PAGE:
Nikki Caldwell has high expectations

There is, of course, no formula to be followed, no precise measurement to ensure success.

Too much in a team sport like basketball is left to chance and circumstance. And yet, there are people who, no matter what is put in front of them, will find a way.

Maybe it's their attitude, their confidence, or maybe it's the feeling they leave when they exit the room.

UCLA Bruins athletic director Dan Guerrero saw that the first time he met Nikki Caldwell.

"We interviewed five or six coaches," Guerrero said. "But when we brought her in, she just blew me away.

"When you talk to her, she's just so compelling. She's driven. She's classy."

Guerrero isn't the type to gush over anyone. He wears a serious expression most days. But he can't stop himself on this subject.

"You can hire a coach with 30 years of experience, or you can hire a coach that's never been in the chair," he continued. "There's no guarantee that any one of them are going to be successful. So you go with the person you think is going to give you the best chance, and for us, it was clearly Nikki."

Caldwell's ears might have been ringing as he spoke, but not because Guerrero was talking about her.

For the third time this season, her team had lost to Stanford, this time in the Pacific 10 tournament championship game, a contest the Bruins led by as many as 11 points in the second half.

UCLA (27-4) has come a long way since Guerrero hired her three years ago. But it's that next level Caldwell is focused on.

How to get there? How to stay there? How to teach her team to own air up there?

Because she's been there. She played for, and then coached alongside, legendary Tennessee coach Pat Summitt.

UCLA earned a No. 3 seed in the NCAA tournament this year, its highest seed since 1998-99. But where Caldwell comes from, that's an off year, not a breakthrough.

Being very good, but not great, is almost more frustrating than being terrible.

After the game, as the Cardinal were honored at midcourt, Caldwell calmly walked over to Guerrero and said something in his ear.

Guerrero held up his hand and shook his head when asked what she said. But seconds later, he looked up and said, "She expects to be cutting down the nets, and she expects our team to be cutting down the nets, as well."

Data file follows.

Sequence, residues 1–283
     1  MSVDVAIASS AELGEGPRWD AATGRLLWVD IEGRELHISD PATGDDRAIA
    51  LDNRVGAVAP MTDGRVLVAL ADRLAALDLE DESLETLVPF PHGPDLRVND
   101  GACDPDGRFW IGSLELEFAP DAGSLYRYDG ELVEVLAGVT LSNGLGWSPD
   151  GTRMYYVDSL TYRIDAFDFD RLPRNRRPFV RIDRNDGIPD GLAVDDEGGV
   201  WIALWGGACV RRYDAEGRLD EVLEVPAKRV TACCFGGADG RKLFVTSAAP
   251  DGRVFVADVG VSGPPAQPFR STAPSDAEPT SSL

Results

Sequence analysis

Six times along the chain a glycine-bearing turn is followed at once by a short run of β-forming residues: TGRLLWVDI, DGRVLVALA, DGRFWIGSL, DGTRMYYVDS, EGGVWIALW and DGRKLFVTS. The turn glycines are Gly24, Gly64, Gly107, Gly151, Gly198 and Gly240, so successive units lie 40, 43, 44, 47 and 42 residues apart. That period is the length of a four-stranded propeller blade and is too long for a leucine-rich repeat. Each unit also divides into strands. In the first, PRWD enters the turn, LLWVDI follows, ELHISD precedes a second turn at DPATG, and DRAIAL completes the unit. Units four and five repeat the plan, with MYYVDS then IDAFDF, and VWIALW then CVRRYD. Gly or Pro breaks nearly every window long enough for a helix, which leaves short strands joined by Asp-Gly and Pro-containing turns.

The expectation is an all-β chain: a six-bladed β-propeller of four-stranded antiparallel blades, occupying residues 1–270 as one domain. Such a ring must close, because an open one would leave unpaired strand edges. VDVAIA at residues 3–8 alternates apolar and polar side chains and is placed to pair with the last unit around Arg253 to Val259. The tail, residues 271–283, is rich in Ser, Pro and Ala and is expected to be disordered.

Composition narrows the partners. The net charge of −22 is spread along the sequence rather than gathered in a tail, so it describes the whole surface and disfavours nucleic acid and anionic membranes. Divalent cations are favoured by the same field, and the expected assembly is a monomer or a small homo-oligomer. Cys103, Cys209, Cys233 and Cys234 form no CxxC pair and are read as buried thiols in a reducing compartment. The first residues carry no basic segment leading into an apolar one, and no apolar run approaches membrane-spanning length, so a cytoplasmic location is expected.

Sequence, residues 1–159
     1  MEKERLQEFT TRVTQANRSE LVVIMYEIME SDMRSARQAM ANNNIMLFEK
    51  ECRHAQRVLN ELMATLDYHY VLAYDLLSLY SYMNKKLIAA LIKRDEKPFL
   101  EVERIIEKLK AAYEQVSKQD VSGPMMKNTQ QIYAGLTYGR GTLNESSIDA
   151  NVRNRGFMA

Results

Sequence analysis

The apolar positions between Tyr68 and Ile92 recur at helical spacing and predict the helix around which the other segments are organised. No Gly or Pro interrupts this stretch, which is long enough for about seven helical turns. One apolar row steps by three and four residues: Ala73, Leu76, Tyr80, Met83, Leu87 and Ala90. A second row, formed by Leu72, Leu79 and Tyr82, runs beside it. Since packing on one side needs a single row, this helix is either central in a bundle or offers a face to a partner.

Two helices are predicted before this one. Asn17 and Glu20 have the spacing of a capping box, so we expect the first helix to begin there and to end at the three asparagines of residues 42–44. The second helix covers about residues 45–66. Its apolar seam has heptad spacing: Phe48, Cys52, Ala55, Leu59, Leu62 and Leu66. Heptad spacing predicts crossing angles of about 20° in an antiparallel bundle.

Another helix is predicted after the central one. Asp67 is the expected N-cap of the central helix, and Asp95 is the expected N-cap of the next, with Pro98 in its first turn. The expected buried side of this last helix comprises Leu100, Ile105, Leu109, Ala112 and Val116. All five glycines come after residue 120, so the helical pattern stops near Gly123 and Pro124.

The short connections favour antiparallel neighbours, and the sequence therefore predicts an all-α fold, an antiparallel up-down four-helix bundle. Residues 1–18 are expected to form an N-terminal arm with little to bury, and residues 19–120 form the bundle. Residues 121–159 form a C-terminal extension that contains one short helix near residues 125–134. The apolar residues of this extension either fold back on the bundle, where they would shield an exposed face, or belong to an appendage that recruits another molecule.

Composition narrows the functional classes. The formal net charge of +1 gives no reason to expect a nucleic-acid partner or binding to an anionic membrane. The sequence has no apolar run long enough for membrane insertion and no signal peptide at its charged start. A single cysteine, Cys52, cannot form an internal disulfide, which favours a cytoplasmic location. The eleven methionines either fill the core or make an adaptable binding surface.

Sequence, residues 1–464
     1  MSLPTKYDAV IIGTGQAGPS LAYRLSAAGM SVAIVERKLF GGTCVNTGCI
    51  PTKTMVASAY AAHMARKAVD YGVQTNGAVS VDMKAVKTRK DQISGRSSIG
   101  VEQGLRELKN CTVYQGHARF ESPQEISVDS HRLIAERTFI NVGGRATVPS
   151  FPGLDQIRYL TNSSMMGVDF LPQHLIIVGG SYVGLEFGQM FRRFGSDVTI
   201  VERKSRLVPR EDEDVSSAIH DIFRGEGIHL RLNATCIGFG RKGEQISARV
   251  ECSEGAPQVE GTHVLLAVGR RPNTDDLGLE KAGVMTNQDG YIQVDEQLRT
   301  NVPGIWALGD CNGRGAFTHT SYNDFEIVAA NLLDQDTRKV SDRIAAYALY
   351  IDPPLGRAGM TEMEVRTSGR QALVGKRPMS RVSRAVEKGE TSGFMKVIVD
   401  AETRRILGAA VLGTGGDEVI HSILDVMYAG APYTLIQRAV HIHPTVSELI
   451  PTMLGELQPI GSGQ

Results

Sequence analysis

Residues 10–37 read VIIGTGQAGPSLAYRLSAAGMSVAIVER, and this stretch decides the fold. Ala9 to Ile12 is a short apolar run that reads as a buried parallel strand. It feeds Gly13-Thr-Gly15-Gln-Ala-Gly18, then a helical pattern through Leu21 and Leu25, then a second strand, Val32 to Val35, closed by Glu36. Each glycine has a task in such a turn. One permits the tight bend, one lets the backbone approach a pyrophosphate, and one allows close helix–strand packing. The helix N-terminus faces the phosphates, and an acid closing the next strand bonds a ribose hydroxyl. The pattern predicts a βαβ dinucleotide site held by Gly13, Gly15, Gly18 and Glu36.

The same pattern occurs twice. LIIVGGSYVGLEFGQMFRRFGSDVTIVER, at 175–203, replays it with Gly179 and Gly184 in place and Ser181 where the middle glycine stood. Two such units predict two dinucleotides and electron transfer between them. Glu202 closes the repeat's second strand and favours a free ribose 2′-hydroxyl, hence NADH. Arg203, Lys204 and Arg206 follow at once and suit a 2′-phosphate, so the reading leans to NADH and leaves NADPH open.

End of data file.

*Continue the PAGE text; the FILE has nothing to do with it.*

UCLA probably doesn't have the talent to do that this year. But it's the expectation and the attitude that matters most to Caldwell.

It's how she has been able to elevate UCLA so quickly, and how she's planning to take the Bruins to the next level sooner rather than later.

Her confidence hints at her ambition, as does the fact that she and her staff are impeccably dressed for each game.

"That's the one thing we teach our girls," assistant coach Tasha Butts said. "We teach them to handle themselves with class … to present yourself how you want to be seen."

Former Vols star Shyra Ely, one of Butts' closest friends who works as a stylist and plays professionally overseas, offers suggestions for the coaches' wardrobes. Every week or so, Ely e-mails them images of outfits. Every game, Caldwell and her staff dress for success.

"I think it's a representation of your program, and I think it's no different than when you see Rick Pitino in a custom-made suit," Caldwell said. "My clothes are off the rack. But you know what I mean. … It's a girly-girl thing, but I think it also shows these young ladies that you need to represent yourself at all times."

It hasn't taken long for Los Angeles to take notice of Caldwell. She has been invited to model, act and work as a television analyst on Lakers broadcasts.

She is, in many ways, an amalgam of this town's greatest female stars: the presence of Cheryl Miller, the grace of Lisa Leslie and the talent of Candace Parker.

Now all she needs to do is win.

And it's obvious how much time and energy she's spent figuring out how to bring her team to that next level.

There's a balance between prodding and pushing. A difference between knowing where limits lie and accepting them.

Caldwell is still wrestling with those issues, trying to teach her team how to internalize her distaste for failure while making sure their self-confidence is still stoked.

"I have to say that our coaching staff does get very frustrated with losses," senior guard Doreena Campbell said. "We used to run like crazy when we'd lose games that we were not supposed to lose.

"But over time that rubbed on us. A loss isn't acceptable anymore, where before we were like, 'OK, whatever, we lost.' But our mindset has changed."

It hurts when UCLA loses now. It hurts even when the other team is favored. But to get to the next level, the only level Caldwell will accept, it can't just hurt to lose.

It has to hurt to be anything other than great.

Ramona Shelburne is a columnist and writer for ESPNLosAngeles.com. Follow her on Twitter.